Eastern Europe. Regardless, the ability shown by Kennedy to resolve this Crisis and the

precedents in foreign policy that it set were a success. Kennedy effectively laid out the blueprint

to stopping communism while improving relations with the Soviet Union. Under situations of

massive duress, he was able to diffuse the situation. This makes Kennedy an above average

president.
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JFK was equally involved in the economy as he was in global affairs. This was partially

because it was absolute necessity. JFK took office during America’s fourth great recession since

WWII. Because of this, economics was a large concern of Kennedy. Kennedy developed an

economic plan to pull America out of recession and help the economy in the future. This

included: Lower Taxes, Unemployment Protection, Increased Minimum Wage, and a Rebirth of

Business and Housing Sectors. This policy was so strong that the recession only faded after one

year of his presidency. This opened the doors for round two of Kennedy’s economic plan: ensure

long term growth. JFK directed federal agencies to move forward in their budget spending,

poured money into infrastructure, instituted more food Stamps and Employment offices, and

asked the Federal Reserve to buy treasury notes. The combination of all of these factors allowed

the economy to strengthen and would remain this way for years to come. JFK’s economic policy

is severely underrated. He was able to achieve his two major goals involving economics, making

him an above average president.

JFK also had a plan for great domestic reform. However, a split Democratic Party in

congress made it hard for Kennedy to get his reforms passed.

Kennedy passed his “New Frontier” plan which included Civil

Rights, Healthcare, Equal Pay, Tax Cuts, and Urban/Rural

Reform. All in all, this plan was very solid. However, the majority

of it never got through congress. One interesting thing to note is

that almost all of JFK’s plans would get passed by future

presidents. So, when one argues that Kennedy did not do anything

for the domestic sphere of America, it is important to remember

the precedents set by Kennedy. Pictured above is JFK giving a


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proposal to Americans on Medicare. This is important because it shows how ahead of his time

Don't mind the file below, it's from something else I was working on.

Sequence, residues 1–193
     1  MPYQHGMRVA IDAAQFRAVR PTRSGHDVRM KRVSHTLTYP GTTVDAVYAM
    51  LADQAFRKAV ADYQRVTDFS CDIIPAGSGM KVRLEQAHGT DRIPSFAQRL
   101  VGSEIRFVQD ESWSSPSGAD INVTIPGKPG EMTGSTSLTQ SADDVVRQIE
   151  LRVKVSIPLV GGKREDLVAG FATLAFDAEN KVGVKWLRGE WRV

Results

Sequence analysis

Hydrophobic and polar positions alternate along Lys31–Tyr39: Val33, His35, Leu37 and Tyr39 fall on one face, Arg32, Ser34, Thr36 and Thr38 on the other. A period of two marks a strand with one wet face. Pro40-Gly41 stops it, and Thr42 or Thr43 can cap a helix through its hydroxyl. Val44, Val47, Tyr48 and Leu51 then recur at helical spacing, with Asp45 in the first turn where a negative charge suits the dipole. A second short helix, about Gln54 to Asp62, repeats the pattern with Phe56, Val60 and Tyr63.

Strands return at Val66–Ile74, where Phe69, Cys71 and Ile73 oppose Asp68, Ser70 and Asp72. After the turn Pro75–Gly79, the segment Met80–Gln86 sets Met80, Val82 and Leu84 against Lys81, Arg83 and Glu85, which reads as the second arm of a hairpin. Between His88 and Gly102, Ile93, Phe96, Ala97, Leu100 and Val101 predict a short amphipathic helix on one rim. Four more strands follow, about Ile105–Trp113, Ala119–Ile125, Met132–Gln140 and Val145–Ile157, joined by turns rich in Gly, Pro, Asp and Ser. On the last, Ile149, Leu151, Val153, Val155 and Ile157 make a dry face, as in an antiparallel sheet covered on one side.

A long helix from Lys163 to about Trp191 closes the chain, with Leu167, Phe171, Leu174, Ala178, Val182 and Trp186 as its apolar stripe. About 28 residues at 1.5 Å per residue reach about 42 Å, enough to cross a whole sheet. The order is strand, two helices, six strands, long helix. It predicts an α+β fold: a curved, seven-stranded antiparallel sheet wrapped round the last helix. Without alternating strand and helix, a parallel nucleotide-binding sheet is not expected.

JFK was as far as his policies go. His proposals got mixed results. JFK’s appeal for federal aid to

schools was blocked because of concerns that parochial schools would receive aid as well, citing

JFK’s religion. No progress was made for Medicare. JFK’s department of urban affairs was

blocked due to Southern Democrats believing that he would elect a black president of this

department. Finally, his income tax plan was passed after his assassination. JFK had great plans

for Domestic affairs in his presidency. Even though he made little progress, he set the bar for

future presidents and today, almost all of these plans are in place. Though he found little success

in his run as president, the precedent he set carries value, making JFK an above average

president.

The last metric used to judge a president is the X Factor. This is something that

distinguishes the president in a positive light. Abe Lincoln had a knack for telling stories during

tense moments, Ronald Raegan had the presence of a Hollywood actor on the podium, and

Millard Fillmore had nothing. The point being, certain presidents had an aura about them that

resonated with the people. There is no better example of this than JFK. JFK had a way with

words as well as charisma. During some of the tensest moments in American History, JFK was

able to keep Americans calm. This was embodied during the 1960 Presidential Debate and JFK’s

inaugural address. The 1960 debate pitted JFK vs. Richard Nixon and was the first televised

debate. The interesting part of this debate is that those who watched it on TV said Kennedy won,

while those who listened to it on the radio said that Nixon won. This is an ode to JFK’s ability to

shine in front of the camera and his charisma to flow. JFK also had a way with words. 4This is

embodied in his inaugural address, seen below. The quote that embodies this way with words is,

“ask not what your country can do for you, ask what you can do for your country.”
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This way with words paired with Kennedy’s charisma make Kennedy’s aura a big

strength in his presidency. JFK’s ability to diffuse tense situations and create a sense of comfort

contribute to Kennedy’s above average ranking.

Therefore, due to Kennedy’s stern foreign policy, strong economic policy, precedents set

in domestic affairs, and his charisma and way with words, John F. Kennedy was an above

average president.
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Works Cited

1
Papers of John F. Kennedy. Presidential Papers. President's Office Files. Speech Files.

University of Washington address, 16 November 1961

2
Block , Herb. “How About One More Try?” Washington Post , 29 May 1963.

3
Knudsen , Robert. Medicare Statement . Washington DC , 17 July 1962.

4
Papers of John F. Kennedy. Presidential Papers. President's Office Files. Speech Files. Inaugural

address, 20 January 1961

Kennedy's Foriegn Policy.” U.S. Department of State, U.S. Department of State,

history.state.gov/departmenthistory/short-history/jfk-foreignpolicy.

“John F. Kennedy: Domestic Affairs.” Miller Center, 10 Apr. 2018,

millercenter.org/president/kennedy/domestic-affairs.